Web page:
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Conference Summaries

Clinical Trial

Efficacy and safety of LY3298176, a novel dual GIP/GLP-1 receptor agonist, in patients with type 2 diabetes: a randomised, placebo-controlled and active comparator-controlled phase 2 trial

Presented by:
Juan Pablo Frias, MD
National Research Institute, Los Angeles, CA, USA

Combined treatment with GLP-1 and GIP receptor agonists could result in additive effects on glucose and bodyweight regulation. LY3298176 is a 39-amino acid synthetic peptide with agonist activity at both the GIP and GLP-1 receptors. Preclinical data showed that LY3298176 has a greater affinity to GIP relative to GLP-1 receptors expressed on cells.

  • This phase 2 study aimed to explore the dose-response relationship of LY3298176 (1, 5, 10, and 15 mg once-weekly) in patients with type 2 diabetes (T2D) and collect initial efficacy and safety data in comparison with placebo and dulaglutide 1.5 mg once-weekly.

Type of study, patients, and inclusion criteria

  • Phase 2b, randomised, double-blind study at 47 sites.
  • Patients with T2D were randomly assigned (1:1:1:1:1:1) to receive either once-weekly subcutaneous LY3298176 (1 mg, 5 mg, 10 mg, or 15 mg), once-weekly dulaglutide (1.5 mg), or placebo for 26 weeks.

Patient populations

  • Total number of enrolees: 318.
  • Age: 18-75 years.
  • Duration of follow-up: 26 weeks.
  • Eligible participants (aged 18-75) had T2D for at least 6 months (HbA1c 7.0-10.5%, inclusive) that was inadequately controlled with diet and exercise alone or with stable metformin therapy for at least 3 months before screening, and BMI of 23-50 kg/m2.

Primary endpoint

  • Change in HbA1c from baseline to 26 weeks in the modified intention-to-treat (mITT) population (all patients who received at least one dose of study drug and had at least one postbaseline measurement of any outcome).

Secondary outcome measures:

  • Change in HbA1c from baseline to 12 weeks.
  • Change in mean bodyweight, fasting plasma glucose, waist circumference, total cholesterol, LDL cholesterol, HDL cholesterol and triglycerides.
  • Proportion of patients reaching HbA1c target (≤6.5% and <7.0%) from baseline to weeks 12 and 26.
  • Proportion of patients with at least 5% and 10% bodyweight loss from baseline to 26 weeks.
  • Safety.

Primary endpoints or outcomes:

  • At 26 weeks, the effect of LY3298176 on change in HbA1c was dose-dependent and did not plateau.
  • Mean changes from baseline in HbA1c with LY3298176 were -1.06% for 1 mg, -1.73% for 5 mg, -1.89% for 10 mg, and -1.94% for 15 mg, compared with -0.06% for placebo (posterior mean differences [80% credible set] vs placebo: -1.00% [-1.22 to -0.79] for 1 mg, -1.67% [-1.88 to -1.46] for 5 mg, -1.83% [-2.04 to -1.61] for 10 mg, and -1.89% [-2.11 to -1.67] for 15 mg).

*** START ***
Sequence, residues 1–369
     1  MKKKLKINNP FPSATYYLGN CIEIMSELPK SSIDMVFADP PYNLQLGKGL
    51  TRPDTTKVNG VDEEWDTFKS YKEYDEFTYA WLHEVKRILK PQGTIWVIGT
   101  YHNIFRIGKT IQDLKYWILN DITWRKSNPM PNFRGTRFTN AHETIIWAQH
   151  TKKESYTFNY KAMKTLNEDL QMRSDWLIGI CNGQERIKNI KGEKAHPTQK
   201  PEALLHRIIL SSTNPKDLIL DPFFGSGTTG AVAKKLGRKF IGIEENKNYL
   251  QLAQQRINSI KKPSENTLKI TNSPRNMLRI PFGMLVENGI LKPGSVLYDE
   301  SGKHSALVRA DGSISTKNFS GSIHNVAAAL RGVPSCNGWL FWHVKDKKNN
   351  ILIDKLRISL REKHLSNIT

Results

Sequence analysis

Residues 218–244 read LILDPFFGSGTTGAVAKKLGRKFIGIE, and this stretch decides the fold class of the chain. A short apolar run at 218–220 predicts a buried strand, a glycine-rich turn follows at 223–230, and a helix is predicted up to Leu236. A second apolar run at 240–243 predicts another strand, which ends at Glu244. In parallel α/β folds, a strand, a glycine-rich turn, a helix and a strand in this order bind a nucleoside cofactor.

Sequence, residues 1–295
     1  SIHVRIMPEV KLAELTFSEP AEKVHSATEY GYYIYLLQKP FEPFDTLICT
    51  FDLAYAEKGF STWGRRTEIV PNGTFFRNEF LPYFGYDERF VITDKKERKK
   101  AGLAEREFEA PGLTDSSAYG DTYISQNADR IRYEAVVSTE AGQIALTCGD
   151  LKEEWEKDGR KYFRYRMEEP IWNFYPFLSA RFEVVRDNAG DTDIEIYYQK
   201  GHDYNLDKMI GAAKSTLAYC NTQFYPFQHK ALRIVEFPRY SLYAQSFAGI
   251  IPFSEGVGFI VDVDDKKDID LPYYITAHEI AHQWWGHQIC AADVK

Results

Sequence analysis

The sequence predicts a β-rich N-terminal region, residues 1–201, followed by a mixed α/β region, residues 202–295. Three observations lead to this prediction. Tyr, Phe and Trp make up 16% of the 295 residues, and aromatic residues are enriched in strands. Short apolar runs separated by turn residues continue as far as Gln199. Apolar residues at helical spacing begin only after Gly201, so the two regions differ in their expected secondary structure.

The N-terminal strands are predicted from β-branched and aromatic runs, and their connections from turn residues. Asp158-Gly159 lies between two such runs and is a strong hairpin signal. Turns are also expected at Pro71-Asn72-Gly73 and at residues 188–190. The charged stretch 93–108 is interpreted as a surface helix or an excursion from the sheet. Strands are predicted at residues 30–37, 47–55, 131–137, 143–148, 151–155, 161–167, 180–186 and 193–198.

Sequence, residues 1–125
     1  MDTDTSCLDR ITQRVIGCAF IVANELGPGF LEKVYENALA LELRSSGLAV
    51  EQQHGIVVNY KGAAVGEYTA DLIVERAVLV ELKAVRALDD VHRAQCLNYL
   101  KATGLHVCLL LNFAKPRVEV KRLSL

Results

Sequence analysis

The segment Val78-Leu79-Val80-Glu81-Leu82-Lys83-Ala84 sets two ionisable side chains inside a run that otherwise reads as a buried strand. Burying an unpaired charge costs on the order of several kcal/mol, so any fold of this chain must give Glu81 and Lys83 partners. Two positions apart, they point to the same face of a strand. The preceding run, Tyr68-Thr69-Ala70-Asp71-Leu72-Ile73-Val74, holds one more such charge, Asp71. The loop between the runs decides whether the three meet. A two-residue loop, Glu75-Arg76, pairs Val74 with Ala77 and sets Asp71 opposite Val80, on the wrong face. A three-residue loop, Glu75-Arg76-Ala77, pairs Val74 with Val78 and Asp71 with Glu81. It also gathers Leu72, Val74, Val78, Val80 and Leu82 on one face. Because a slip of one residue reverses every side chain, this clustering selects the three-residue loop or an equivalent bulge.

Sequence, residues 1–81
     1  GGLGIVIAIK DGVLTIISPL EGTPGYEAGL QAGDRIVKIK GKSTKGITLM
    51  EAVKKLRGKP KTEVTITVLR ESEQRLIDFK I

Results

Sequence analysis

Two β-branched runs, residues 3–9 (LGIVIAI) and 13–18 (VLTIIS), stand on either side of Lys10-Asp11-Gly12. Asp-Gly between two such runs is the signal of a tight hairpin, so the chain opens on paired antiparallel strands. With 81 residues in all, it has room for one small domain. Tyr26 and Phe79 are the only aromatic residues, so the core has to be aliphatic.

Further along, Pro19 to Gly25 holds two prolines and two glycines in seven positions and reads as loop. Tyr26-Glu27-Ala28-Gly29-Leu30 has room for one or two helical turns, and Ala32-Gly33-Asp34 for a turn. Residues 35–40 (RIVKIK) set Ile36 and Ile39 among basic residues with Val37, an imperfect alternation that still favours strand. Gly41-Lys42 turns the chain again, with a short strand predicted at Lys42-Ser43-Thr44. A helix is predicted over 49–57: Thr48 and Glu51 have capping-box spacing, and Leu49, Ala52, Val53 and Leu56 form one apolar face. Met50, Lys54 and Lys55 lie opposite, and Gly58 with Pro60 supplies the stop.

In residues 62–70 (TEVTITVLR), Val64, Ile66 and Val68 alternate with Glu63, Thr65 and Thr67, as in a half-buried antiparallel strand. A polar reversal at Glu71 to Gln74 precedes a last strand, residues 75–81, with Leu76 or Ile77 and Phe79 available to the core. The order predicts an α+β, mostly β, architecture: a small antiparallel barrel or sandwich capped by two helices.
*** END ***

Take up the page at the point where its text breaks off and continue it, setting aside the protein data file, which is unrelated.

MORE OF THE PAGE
• Compared with dulaglutide (-1.21%) the posterior mean differences (80% credible set) for change in HbA1c from baseline to 26 weeks with the LY3298176 doses were 0.15% (-0.08 to 0.38) for 1 mg, -0.52% (-0.72 to -0.31) for 5 mg, -0.67% (-0.89 to -0.46) for 10 mg, and -0.73% (-0.95 to -0.52) for 15 mg.
  • The results of the mixed-effect model for repeated measures in the mITT on treatment datasets were consistent with those of the analyses with the Bayesian model, and demonstrated greater reductions in HbA1c with 5 mg, 10 mg, and 15 mg LY3298176 compared with dulaglutide (p=0.0152 for 5 mg, p=0.0001 for 10 mg, p<0.0001 for 15 mg) (Figure).

Secondary endpoints or outcomes

  • At 26 weeks, 33-90% of patients treated with LY3298176 achieved the HbA1c target of less than 7.0% (vs 52% with dulaglutide, 12% with placebo) and 15-82% achieved the HbA1c target of at least 6.5% (vs 39% with dulaglutide, 2% with placebo).
  • Changes in fasting plasma glucose ranged from -0.4 mmol/L to -3.4 mmol/L for LY3298176 (vs 0.9 mmol/L for placebo, -1.2 mmol/L for dulaglutide).
  • Changes in mean bodyweight ranged from -0.9 kg to -11.3 kg for LY3298176 (vs -0.4 kg for placebo, -2.7 kg for dulaglutide).
  • At 26 weeks, 14-71% of those treated with LY3298176 achieved the weight loss target of at least 5% (vs 22% with dulaglutide, 0% with placebo) and 6-39% achieved the weight loss target of at least 10% (vs 9% with dulaglutide, 0% with placebo).
  • Gastrointestinal events (nausea, diarrhoea and vomiting) were the most common treatment-emergent adverse events.
  • The incidence of gastrointestinal events was dose-related (23.1% for 1 mg LY3298176, 32.7% for 5 mg LY3298176, 51.0% for 10 mg LY3298176, and 66.0% for 15 mg LY3298176, 42.6% for dulaglutide, 9.8% for placebo); most events were mild to moderate in intensity and transient.
  • Decreased appetite was the second most common adverse event (3.8% for 1 mg LY3298176, 20.0% for 5 mg LY3298176, 25.5% for 10 mg LY3298176, 18.9% for 15 mg LY3298176, 5.6% for dulaglutide, 2.0% for placebo).
  • There were no reports of severe hypoglycaemia.
  • LY3298176, a novel dual GIP and GLP-1 receptor dual agonist, resulted in statistically significant and clinically meaningful control of HbA1c with greater weight loss and an acceptable tolerability profile, as compared with dulaglutide, a GLP-1 receptor agonist.
  • LY3298176 has an acceptable safety and tolerability profile.

Key messages

  • LY3298176 has the potential to become a treatment option for patients with T2D, and warrants further study of its efficacy and safety in a phase 3 programme with an optimised administration regimen.


Present disclosure: The presenter has reports relationships for employment/consultancy with AstraZeneca, Boehringer Ingelheim, Eli Lilly, and Gilead; and grants from El. Lilly.

Written by: Patrick Moore, PhD

Reviewed by: Marco Gallo, MD

Trial sponsor: Eli Lilly

Trial: NCT03131687


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